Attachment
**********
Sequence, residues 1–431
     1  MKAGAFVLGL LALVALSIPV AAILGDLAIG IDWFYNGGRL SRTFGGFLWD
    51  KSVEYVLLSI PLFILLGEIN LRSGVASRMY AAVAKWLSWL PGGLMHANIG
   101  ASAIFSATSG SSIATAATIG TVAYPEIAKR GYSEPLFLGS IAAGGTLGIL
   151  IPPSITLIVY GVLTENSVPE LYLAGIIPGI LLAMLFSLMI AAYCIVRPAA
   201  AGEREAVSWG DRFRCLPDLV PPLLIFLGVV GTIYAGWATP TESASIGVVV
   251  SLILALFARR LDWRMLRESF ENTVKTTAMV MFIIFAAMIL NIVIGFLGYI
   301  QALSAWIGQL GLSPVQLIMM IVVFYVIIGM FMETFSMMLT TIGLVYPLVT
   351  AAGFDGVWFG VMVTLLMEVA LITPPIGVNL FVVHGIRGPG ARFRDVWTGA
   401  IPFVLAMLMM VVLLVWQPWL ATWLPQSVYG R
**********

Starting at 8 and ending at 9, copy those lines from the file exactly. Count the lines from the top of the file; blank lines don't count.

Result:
   301  QALSAWIGQL GLSPVQLIMM IVVFYVIIGM FMETFSMMLT TIGLVYPLVT
   351  AAGFDGVWFG VMVTLLMEVA LITPPIGVNL FVVHGIRGPG ARFRDVWTGA